Explore further: Quest for extraterrestrial life not over, experts say

Related Stories

Astronomers find a dark matter galaxy far, far away

Jan 18, 2012

(PhysOrg.com) -- A faint “satellite galaxy” 10 billion light years from Earth is the lowest-mass object ever detected at such a distance, says University of California, Davis, physics professor Chris ...

Hubble survey carries out a dark matter census

Oct 13, 2011

(PhysOrg.com) -- The NASA/ESA Hubble Space Telescope has been used to make an image of galaxy cluster MACS J1206.2-0847. The apparently distorted shapes of distant galaxies in the background is caused by an ...

Cosmic magnifying lenses distort view of distant galaxies

Jan 12, 2011

Looking deep into space, and literally peering back in time, is like experiencing the universe in a house of mirrors where everything is distorted through a phenomenon called gravitational lensing. Gravitational ...

Recommended for you

Quest for extraterrestrial life not over, experts say

Apr 18, 2014

The discovery of an Earth-sized planet in the "habitable" zone of a distant star, though exciting, is still a long way from pointing to the existence of extraterrestrial life, experts said Friday. ...

Continents may be a key feature of Super-Earths

Apr 18, 2014

Huge Earth-like planets that have both continents and oceans may be better at harboring extraterrestrial life than those that are water-only worlds. A new study gives hope for the possibility that many super-Earth ...

Exoplanets soon to gleam in the eye of NESSI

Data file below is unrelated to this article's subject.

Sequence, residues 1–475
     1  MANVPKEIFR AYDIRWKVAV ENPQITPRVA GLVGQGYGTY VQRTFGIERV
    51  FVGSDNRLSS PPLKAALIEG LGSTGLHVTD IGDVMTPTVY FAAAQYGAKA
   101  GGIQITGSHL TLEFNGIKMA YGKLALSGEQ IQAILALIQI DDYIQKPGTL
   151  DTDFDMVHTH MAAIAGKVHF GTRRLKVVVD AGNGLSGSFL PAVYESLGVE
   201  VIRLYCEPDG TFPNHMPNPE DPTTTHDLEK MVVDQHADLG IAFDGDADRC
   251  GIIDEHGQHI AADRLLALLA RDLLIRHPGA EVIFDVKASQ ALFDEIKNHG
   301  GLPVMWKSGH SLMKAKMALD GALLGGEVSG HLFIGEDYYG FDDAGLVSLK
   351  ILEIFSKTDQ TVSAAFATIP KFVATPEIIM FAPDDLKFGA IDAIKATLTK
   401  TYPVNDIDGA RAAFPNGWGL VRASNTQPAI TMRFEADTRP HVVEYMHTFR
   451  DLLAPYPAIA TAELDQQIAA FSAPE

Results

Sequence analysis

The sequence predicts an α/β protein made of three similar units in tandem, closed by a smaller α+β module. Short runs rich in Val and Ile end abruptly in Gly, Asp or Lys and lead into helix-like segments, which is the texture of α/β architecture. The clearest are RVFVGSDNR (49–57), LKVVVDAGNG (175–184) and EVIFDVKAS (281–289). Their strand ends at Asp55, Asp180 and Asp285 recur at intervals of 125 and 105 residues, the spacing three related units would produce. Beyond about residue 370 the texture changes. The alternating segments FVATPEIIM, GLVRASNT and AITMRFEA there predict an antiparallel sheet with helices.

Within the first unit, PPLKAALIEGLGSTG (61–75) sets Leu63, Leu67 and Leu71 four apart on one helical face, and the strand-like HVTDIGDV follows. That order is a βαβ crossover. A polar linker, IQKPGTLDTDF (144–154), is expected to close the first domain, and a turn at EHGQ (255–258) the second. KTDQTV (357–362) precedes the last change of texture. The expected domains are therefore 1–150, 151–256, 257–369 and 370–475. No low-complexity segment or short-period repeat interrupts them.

Apr 18, 2014

(Phys.org) —The New Mexico Exoplanet Spectroscopic Survey Instrument (NESSI) will soon get its first "taste" of exoplanets, helping astronomers decipher their chemical composition. Exoplanets are planets ...

User comments : 0

More news stories

NASA's space station Robonaut finally getting legs

Robonaut, the first out-of-this-world humanoid, is finally getting its space legs. For three years, Robonaut has had to manage from the waist up. This new pair of legs means the experimental robot—now stuck ...

Cosmologists weigh cosmic filaments and voids

(Phys.org) —Cosmologists have established that much of the stuff of the universe is made of dark matter, a mysterious, invisible substance that can't be directly detected but which exerts a gravitational ...

Ex-Apple chief plans mobile phone for India

Former Apple chief executive John Sculley, whose marketing skills helped bring the personal computer to desktops worldwide, says he plans to launch a mobile phone in India to exploit its still largely untapped ...

Filipino tests negative for Middle East virus

A Filipino nurse who tested positive for the Middle East virus has been found free of infection in a subsequent examination after he returned home, Philippine health officials said Saturday.

Egypt archaeologists find ancient writer's tomb

Egypt's minister of antiquities says a team of Spanish archaeologists has discovered two tombs in the southern part of the country, one of them belonging to a writer and containing a trove of artifacts including reed pens ...